Background: Accounts of cognitive processes in judgment and decision-making are frequently based on a dual-process framework, which reflects two qualitatively different types of processing: intuitive (Type 1) and analytical (Type 2) processes. Objective: The present study investigated the effects of bilateral transcranial direct current stimulation (tDCS) to the dorsolateral prefrontal cortex (DLPFC) on judgment and decision-making performance. Methods: Participants received anodal tDCS stimulation to the right DLPFC, left DLPFC or sham. There were 3 tasks: vignettes measuring heuristic thinking, belief bias syllogisms, and the cognitive reflection test (CRT), a measure of the ability to inhibit automatic responses to reach a correct solution. Fifty-four participants (mean age = 24.63 ± 4.46 years; 29 females) were recruited. Results: Results showed that anodal tDCS to the right DLPFC was associated with an increase in cognitive reflection performance (Type 2 processing) as compared to left DLPFC and to sham. Logic thinking was reduced following anodal tDCS to the left DLPFC. Conclusion: These findings are broadly consistent with a dual process framework, and cannot be explained by differences in cognitive ability and thinking style. The results demonstrate the involvement of the right DLPFC in cognitive reflection, and suggest the possibility of improving cognitive performance through tDCS.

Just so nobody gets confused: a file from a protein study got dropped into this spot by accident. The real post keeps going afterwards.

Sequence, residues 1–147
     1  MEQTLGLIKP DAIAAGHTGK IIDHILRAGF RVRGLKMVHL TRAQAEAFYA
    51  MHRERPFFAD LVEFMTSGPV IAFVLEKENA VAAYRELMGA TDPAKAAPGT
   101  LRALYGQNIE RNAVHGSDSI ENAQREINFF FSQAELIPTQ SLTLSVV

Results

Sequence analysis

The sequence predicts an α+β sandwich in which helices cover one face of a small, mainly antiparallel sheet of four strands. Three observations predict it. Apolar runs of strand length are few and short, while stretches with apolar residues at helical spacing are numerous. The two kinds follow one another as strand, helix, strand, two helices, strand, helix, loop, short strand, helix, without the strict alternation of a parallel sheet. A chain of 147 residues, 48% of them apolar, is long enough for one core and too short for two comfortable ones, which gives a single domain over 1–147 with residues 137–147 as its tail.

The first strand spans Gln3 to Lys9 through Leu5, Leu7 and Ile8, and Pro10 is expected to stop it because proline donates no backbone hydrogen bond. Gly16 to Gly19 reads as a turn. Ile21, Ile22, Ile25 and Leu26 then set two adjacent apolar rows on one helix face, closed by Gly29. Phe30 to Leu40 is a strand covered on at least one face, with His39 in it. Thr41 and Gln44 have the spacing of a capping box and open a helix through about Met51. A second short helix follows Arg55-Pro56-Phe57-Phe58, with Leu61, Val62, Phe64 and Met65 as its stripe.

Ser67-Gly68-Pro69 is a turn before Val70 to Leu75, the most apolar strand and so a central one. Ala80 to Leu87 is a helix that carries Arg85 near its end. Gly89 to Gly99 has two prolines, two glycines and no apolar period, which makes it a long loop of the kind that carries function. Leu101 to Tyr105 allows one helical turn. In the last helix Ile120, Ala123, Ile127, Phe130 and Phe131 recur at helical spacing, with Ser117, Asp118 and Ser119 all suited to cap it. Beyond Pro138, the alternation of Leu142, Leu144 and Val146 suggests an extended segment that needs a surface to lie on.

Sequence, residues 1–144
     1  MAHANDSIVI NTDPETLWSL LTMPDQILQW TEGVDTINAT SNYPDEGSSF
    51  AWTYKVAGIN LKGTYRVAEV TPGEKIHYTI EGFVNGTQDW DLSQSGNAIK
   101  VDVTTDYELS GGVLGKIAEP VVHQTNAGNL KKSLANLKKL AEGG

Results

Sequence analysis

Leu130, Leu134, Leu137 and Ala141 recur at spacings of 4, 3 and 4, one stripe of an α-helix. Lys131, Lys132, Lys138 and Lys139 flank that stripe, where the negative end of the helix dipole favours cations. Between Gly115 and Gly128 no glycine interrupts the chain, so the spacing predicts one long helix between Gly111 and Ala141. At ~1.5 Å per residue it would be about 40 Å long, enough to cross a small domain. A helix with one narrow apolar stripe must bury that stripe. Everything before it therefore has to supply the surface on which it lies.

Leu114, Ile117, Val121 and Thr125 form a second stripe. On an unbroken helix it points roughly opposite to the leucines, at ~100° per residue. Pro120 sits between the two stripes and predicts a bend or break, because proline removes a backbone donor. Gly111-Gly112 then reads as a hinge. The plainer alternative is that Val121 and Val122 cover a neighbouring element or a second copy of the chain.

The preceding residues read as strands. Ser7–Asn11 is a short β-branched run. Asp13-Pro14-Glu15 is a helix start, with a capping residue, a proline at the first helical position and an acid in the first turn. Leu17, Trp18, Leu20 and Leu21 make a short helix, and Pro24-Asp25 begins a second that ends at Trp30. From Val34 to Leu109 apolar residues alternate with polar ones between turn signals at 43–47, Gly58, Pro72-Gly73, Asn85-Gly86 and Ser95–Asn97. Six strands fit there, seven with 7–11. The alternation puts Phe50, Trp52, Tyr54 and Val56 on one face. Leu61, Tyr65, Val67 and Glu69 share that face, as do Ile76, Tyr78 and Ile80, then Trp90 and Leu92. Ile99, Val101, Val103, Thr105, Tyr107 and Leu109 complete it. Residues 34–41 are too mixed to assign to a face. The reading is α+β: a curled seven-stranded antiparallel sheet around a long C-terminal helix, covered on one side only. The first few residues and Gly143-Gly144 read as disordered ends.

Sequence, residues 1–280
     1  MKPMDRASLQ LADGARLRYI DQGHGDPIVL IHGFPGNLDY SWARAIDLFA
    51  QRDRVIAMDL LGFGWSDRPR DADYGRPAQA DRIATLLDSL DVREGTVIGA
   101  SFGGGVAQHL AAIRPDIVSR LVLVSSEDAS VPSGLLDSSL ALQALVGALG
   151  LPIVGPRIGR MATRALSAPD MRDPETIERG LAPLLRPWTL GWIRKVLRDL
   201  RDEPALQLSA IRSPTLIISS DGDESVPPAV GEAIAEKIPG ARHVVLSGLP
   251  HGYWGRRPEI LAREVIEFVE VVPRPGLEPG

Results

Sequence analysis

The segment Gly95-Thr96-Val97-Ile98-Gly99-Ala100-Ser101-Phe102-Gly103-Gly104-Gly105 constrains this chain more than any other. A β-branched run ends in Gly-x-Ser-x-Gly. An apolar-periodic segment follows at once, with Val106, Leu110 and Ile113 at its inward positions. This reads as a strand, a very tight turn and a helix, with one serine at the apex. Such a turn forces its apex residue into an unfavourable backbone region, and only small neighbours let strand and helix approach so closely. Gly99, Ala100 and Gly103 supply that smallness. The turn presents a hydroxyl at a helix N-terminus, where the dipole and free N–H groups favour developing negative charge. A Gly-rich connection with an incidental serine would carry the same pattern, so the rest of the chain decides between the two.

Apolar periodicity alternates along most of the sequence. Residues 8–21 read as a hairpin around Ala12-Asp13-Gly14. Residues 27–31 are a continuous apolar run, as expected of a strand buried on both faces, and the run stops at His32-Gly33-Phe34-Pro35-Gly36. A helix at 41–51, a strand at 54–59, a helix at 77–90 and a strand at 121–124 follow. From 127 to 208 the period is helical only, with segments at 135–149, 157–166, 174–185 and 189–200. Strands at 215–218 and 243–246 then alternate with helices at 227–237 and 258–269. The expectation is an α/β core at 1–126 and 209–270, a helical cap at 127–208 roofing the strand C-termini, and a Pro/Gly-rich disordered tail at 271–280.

Anodal transcranial direct current stimulation over the right dorsolateral prefrontal cortex enhances reflective judgment and decision-making

Rivolta, Davide;
2018

Abstract

Background: Accounts of cognitive processes in judgment and decision-making are frequently based on a dual-process framework, which reflects two qualitatively different types of processing: intuitive (Type 1) and analytical (Type 2) processes. Objective: The present study investigated the effects of bilateral transcranial direct current stimulation (tDCS) to the dorsolateral prefrontal cortex (DLPFC) on judgment and decision-making performance. Methods: Participants received anodal tDCS stimulation to the right DLPFC, left DLPFC or sham. There were 3 tasks: vignettes measuring heuristic thinking, belief bias syllogisms, and the cognitive reflection test (CRT), a measure of the ability to inhibit automatic responses to reach a correct solution. Fifty-four participants (mean age = 24.63 ± 4.46 years; 29 females) were recruited. Results: Results showed that anodal tDCS to the right DLPFC was associated with an increase in cognitive reflection performance (Type 2 processing) as compared to left DLPFC and to sham. Logic thinking was reduced following anodal tDCS to the left DLPFC. Conclusion: These findings are broadly consistent with a dual process framework, and cannot be explained by differences in cognitive ability and thinking style. The results demonstrate the involvement of the right DLPFC in cognitive reflection, and suggest the possibility of improving cognitive performance through tDCS.
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Utilizza questo identificativo per citare o creare un link a questo documento: http://hdl.handle.net/11586/228024
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